By Jessie Forand
Published June 4, 2008
3,756 miles. Two months. About 25 pounds. These are the result of a journey taken by Rick Hubbard. From mid-March through mid-May, Hubbard rode a bicycle from San Diego, Calif., back home to South Burlington.
Oh, and one other important fact — he is 66 years old.
In celebration of his retirement, the former attorney “pumped up the health part” and decided to ride his bike across the country: “I’m old enough, at 66, to clearly be in ‘use it or lose it’ territory,” Hubbard said. “Better do it while I still can."
“I had incentive to beat it,” he said: His “sweetie,” Sally Howe, was leaving on a trip of her own to meet up with family and then former classmates in Spain, beginning May 18. He described himself as “like a horse headed for the barn.”
Hubbard flew to San Diego and began his venture March 13. The reasoning behind his departure location was twofold. First, he partially followed the Southern Tier route provided by Adventure Cycling, leading from San Diego to St. Augustine, Fla., although he only stayed with the trail until just before the Mississippi River and then forged his own path.
The second reason: “It’s winter, and there are no options anywhere else,” Hubbard said.
Having “held it down” at first, Hubbard’s daily travel, excluding the first two weeks of the trip, was 75 to 90 miles per day. He took it a bit easier at first because he had suffered from an injury in the recent past and had been training with cross-country skiing as opposed to biking during the winter.
Fourteen states were covered in the journey, including Texas, Tennessee and Pennsylvania. Hubbard crossed back into the Green Mountain State near Lake George, N.Y., and was met by Howe in Vergennes for a meal and an accompanied final stretch home.
Hubbard took a unique and ultimately very enjoyable approach to finding shelter along the way. He used the Warm Showers Organization, a Web site that connects cyclists — those on trips with those willing to host visitors for an overnight stay and, yes, a warm shower. The No. 1 rule of the site is that if people wish to find a host home, they in turn must open their home to others, so Hubbard’s home is listed on a map of hosts around the globe, available to those in need of a temporary shelter.
“I tried to pick people that were a little older,” he said, “a little closer to my age.”
His hosts included another retired attorney, a younger couple who met through biking, a British man and his Swedish wife, a doctor, and a minister. In addition to Warm Showers homes, Hubbard stayed in motels, with relatives, and even an old hiking buddy.
“It really was the highlight of the trip,” Hubbard said of his accommodations. “It broke up being on my own a lot.”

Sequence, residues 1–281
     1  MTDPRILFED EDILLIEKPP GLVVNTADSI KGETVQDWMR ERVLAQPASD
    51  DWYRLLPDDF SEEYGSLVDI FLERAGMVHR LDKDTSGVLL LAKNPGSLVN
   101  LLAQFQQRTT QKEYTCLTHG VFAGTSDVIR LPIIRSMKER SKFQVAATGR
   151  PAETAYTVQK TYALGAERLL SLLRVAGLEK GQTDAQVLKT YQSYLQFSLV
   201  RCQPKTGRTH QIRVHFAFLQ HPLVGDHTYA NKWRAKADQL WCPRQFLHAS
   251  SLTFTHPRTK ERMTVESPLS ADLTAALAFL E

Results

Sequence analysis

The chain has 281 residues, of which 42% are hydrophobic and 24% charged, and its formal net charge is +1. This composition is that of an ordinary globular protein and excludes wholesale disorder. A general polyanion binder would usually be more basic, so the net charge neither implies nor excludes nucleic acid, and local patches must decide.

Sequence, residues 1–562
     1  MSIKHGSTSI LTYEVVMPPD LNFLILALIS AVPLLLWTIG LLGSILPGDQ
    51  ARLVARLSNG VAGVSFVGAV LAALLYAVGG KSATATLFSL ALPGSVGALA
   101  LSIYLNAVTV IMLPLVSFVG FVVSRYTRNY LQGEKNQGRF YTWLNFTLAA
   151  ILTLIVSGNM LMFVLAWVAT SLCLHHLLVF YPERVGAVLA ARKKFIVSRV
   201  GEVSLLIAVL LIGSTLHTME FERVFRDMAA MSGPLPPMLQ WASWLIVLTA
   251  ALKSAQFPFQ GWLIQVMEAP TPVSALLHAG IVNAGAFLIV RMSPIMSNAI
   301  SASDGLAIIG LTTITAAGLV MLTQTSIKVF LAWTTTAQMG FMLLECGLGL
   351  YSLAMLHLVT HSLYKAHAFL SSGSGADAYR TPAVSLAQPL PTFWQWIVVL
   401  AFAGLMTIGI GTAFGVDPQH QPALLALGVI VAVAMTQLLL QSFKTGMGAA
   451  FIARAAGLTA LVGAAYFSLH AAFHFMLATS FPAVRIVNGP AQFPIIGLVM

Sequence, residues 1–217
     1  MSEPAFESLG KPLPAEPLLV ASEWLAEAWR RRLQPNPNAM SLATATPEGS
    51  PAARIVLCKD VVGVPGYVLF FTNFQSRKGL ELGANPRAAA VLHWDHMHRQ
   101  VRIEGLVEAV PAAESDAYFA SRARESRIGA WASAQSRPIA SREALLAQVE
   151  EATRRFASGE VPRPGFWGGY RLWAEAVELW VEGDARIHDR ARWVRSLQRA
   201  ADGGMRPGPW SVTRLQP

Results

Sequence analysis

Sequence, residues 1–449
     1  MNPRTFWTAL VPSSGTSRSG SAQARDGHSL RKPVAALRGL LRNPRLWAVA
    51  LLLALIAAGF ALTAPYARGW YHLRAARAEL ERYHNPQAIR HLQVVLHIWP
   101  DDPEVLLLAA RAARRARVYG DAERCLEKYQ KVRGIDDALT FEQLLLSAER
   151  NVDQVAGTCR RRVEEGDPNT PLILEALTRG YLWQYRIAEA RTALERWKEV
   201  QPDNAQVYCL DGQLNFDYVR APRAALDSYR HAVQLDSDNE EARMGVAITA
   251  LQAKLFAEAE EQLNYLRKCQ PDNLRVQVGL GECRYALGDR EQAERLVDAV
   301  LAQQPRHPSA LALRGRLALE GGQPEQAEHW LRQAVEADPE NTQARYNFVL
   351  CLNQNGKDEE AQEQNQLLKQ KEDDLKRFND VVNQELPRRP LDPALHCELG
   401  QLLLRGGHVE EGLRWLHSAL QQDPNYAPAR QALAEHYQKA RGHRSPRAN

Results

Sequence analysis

With only himself and a bike, Hubbard just brought the necessities. He had bike shorts, a fleece, Day-Glo protective gear, sneakers, a pair of running shoes (for when he was off the bike), a pair of zip-off khaki pants, one polo shirt and a sleeping bag and tent for emergencies, which he needed once while in New Mexico.
On this occasion, Hubbard found himself in a tiny town with no motel in sight.
“I ended up in my tent, on gravel, behind a post office, and it went to about 28 degrees,” he said.
In New Mexico. Hubbard was able to see a former cliff dwelling, where adobe houses were built in caves. The houses were built in the 1200s — “Some were quite sophisticated,” Hubbard said — but abandoned in the 1300s, for unknown reasons. According to Hubbard, it could have been because of climate changes, such as droughts, or because the people were driven out by other tribes.
“Here’s a whole civilization that when there’s climate change, abandoned,” he said.
Adverse weather was possibly the worst part of Hubbard’s trip. After going for about 35 days without having to don a rain jacket, he hit Stroudsburg, Pa.
“It poured buckets,” Hubbard said.
The rain soaked through his alpine ski gloves. Hubbard, who had a pre-existing condition where the cold would cause circulation problems in his hands and feet, went on for about 20 miles and climbed the “steepest hill of the trip,” before finding an environmental center, where he warmed up.
Aside from the elements, Hubbard never faced anything perilous.
“I never felt threatened. I never felt my life in danger,” he said.
Hubbard did, however, discuss bicycle safety — by which he meant a lack of road shoulder for bikes to use for travel.
In an e-mail update while on the road, Hubbard wrote, “... Route 11 entered Virginia. At the Tennessee/Virginia border, the shoulder disappeared (all of it!), but the heavy traffic remained. The shoulder never reappeared. ... So far, of the route I’ve traveled across our country, my route in Virginia ... feels the least safe (with only 1 previous exception) of all I’ve encountered.”
After returning home, with tired legs, Hubbard has not been back on the bike. He has, however, gone walking with friends and jogging.
This is by no means Hubbard’s first long-distance trip. He once walked more than 450 miles around Vermont, and he has walked both the Appalachian and Long trails. He lists two reasons for these long ventures: entertainment and exercise.
“I’ve always enjoyed the outdoors,” he said. “I’ve tried to make that a lifestyle.”
Hubbard said that easy, long distance exercise is also the best way to lose weight. His own weight loss supports this theory, going from about 185 pounds to about 160 pounds.
Hubbard already has his next trip in the works; and this time he won’t be alone. Howe, his “sweetie,” as he called her, and he will be heading out in September.
“We’re planning a three-week bike trip to southern France, Provence,” he said.